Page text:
Socialism without liberation: Land Reclamation Projects in Guinea-Bissau
One of the outstanding aims of most liberation movements has been to increase the economic well-being of their people, Guinea-Bissau being no exception in this respect. How far has the new Nation State succeeded in fulfilling this aim? A comparative analysis of the implementation of land reclamation projects during colonial and post-colonial times reveals astonishing similarities: especially the centralization of development efforts in the hands of administrators disconnected from the grassroots, lack of target group analysis and misconceptions about the aims and needs, as well as the resources, of the population involved in the development efforts, on the part of the administration. The effects of this negative conditioning process of 'development' over many years on the chances of cooperation between peasants and the administration are still largely unknown. Any development planner who wants to encourage the local population to take their future into their own hands, would have to take account of this negative conditioning process.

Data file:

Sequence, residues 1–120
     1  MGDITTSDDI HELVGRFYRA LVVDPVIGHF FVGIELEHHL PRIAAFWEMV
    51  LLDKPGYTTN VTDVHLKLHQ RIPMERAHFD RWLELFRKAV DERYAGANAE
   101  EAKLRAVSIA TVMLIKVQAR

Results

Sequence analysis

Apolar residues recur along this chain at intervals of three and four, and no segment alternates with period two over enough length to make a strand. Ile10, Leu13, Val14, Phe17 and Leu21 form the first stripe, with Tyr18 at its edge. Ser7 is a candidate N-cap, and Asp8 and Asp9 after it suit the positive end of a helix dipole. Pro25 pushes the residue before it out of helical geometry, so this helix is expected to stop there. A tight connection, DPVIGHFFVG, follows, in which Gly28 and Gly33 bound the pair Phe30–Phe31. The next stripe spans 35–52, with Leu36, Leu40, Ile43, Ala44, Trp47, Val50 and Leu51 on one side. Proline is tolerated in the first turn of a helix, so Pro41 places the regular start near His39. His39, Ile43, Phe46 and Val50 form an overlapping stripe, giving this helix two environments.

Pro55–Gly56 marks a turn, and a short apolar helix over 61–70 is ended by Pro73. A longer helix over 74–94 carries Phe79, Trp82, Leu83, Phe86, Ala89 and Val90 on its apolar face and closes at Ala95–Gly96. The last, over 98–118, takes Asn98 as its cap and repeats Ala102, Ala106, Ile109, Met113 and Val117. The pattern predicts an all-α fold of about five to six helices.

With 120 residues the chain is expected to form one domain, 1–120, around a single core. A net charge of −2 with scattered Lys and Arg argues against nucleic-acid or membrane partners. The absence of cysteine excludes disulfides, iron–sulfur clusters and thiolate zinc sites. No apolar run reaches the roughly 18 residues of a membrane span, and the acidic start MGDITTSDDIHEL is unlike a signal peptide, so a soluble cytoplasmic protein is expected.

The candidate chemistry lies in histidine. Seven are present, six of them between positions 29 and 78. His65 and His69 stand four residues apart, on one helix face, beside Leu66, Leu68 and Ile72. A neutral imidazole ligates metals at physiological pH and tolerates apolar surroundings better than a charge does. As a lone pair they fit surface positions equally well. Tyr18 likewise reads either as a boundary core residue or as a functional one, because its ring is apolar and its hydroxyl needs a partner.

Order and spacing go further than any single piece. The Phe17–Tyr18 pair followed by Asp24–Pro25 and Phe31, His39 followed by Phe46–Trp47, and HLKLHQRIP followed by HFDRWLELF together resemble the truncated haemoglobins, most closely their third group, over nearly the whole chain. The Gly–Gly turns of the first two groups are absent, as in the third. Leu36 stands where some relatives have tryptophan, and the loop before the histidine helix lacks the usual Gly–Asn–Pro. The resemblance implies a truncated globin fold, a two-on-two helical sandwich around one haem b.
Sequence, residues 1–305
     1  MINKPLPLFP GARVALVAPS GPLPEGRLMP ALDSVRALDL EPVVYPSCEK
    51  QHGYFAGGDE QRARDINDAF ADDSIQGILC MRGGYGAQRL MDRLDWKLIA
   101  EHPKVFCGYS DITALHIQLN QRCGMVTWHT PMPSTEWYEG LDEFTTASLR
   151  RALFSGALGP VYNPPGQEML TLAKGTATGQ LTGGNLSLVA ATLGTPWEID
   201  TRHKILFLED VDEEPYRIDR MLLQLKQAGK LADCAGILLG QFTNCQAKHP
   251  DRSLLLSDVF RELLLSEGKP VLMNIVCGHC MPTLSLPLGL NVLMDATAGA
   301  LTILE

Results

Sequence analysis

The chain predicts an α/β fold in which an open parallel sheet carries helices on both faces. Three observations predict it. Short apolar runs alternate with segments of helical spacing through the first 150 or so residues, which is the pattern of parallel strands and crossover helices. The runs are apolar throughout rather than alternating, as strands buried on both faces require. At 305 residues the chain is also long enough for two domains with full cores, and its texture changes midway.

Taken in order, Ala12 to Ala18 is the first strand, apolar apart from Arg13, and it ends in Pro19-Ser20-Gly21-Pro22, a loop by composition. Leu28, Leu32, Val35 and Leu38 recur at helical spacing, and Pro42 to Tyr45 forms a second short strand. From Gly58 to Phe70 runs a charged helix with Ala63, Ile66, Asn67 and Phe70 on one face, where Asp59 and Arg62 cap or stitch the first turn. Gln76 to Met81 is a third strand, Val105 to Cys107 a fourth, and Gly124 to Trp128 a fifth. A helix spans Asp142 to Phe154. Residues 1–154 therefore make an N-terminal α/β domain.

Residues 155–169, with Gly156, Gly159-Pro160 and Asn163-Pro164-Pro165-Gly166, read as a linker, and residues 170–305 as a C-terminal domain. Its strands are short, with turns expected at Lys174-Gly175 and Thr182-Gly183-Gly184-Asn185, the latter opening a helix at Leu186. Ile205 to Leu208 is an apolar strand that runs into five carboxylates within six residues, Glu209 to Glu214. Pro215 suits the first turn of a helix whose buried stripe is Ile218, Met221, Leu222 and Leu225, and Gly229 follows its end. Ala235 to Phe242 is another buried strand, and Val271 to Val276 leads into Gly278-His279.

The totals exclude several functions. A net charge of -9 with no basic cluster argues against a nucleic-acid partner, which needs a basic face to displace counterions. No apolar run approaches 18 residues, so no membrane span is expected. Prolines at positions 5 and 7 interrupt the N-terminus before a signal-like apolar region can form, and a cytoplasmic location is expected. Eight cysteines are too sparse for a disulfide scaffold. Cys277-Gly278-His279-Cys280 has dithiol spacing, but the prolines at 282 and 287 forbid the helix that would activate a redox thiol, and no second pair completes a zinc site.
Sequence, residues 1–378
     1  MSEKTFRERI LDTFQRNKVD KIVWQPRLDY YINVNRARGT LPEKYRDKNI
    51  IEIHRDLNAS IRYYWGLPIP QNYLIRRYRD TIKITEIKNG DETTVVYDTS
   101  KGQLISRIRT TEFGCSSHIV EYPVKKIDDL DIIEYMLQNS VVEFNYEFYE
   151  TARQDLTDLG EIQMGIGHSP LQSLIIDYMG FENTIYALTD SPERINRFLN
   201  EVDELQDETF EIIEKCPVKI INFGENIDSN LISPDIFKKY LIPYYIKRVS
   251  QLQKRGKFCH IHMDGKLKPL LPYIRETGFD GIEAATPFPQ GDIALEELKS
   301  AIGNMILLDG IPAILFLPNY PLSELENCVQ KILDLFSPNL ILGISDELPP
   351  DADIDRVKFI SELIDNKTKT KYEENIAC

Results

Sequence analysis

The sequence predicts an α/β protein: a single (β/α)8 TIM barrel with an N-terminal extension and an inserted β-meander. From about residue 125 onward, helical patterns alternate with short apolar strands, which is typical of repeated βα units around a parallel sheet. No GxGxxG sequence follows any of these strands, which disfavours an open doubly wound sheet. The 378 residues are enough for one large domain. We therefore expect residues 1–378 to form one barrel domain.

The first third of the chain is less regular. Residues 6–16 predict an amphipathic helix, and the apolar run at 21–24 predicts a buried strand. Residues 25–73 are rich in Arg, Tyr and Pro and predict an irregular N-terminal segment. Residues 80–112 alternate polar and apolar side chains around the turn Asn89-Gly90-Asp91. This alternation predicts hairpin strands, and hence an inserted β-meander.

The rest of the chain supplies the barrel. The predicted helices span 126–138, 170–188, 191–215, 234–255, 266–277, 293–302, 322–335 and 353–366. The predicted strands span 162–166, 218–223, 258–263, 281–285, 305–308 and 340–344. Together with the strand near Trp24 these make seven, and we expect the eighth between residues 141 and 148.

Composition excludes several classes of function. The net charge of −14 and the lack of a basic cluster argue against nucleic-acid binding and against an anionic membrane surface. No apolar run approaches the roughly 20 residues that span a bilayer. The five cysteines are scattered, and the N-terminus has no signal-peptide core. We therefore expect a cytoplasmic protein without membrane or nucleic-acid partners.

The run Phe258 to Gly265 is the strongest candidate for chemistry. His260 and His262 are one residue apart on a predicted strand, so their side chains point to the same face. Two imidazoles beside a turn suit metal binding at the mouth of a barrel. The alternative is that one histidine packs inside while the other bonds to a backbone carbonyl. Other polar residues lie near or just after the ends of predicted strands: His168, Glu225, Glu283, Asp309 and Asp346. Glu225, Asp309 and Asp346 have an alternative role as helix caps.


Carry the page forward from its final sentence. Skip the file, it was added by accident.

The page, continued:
|Date of creation:||Jan 1988|
|Date of revision:||28 Jul 2009|
|Publication status:||Published in Sociologia Ruralis 2/3.28(1988): pp. 161-175|
|Contact details of provider:|| Postal: Ludwigstraße 33, D-80539 Munich, Germany|
Web page: https://mpra.ub.uni-muenchen.de
More information through EDIRC
When requesting a correction, please mention this item's handle: RePEc:pra:mprapa:16497. See general information about how to correct material in RePEc.
For technical questions regarding this item, or to correct its authors, title, abstract, bibliographic or download information, contact: (Joachim Winter)
If references are entirely missing, you can add them using this form.